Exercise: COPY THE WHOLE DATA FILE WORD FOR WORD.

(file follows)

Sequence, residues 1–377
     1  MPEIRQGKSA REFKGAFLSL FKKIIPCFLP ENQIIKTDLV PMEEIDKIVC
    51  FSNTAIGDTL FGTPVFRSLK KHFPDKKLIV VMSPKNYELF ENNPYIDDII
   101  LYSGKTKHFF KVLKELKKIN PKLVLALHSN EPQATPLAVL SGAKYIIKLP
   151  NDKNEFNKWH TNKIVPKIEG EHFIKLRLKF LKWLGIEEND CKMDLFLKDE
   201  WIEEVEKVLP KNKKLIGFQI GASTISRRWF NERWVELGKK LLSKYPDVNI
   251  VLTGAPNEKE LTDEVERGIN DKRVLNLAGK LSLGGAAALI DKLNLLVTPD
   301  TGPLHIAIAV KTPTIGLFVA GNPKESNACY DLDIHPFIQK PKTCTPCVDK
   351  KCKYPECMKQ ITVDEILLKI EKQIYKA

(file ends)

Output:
Sequence, residues 1–377
     1  MPEIRQGKSA REFKGAFLSL FKKIIPCFLP ENQIIKTDLV PMEEIDKIVC
    51  FSNTAIGDTL FGTPVFRSLK KHFPDKKLIV VMSPKNYELF ENNPYIDDII
   101  LYSGKTKHFF KVLKELKKIN PKLVLALHSN EPQATPLAVL SGAKYIIKLP
   151  NDKNEFNKWH TNKIVPKIEG EHFIKLRLKF LKWLGIEEND CKMDLFLKDE
   201  WIEEVEKVLP KNKKLIGFQI GASTISRRWF NERWVELGKK LLSKYPDVNI
   251  VLTGAPNEKE LTDEVERGIN DKRVLNLAGK LSLGGAAALI DKLNLLVTPD
   301  TGPLHIAIAV KTPTIGLFVA GNPKESNACY DLDIHPFIQK PKTCTPCVDK
   351  KCKYPECMKQ ITVDEILLKI EKQIYKA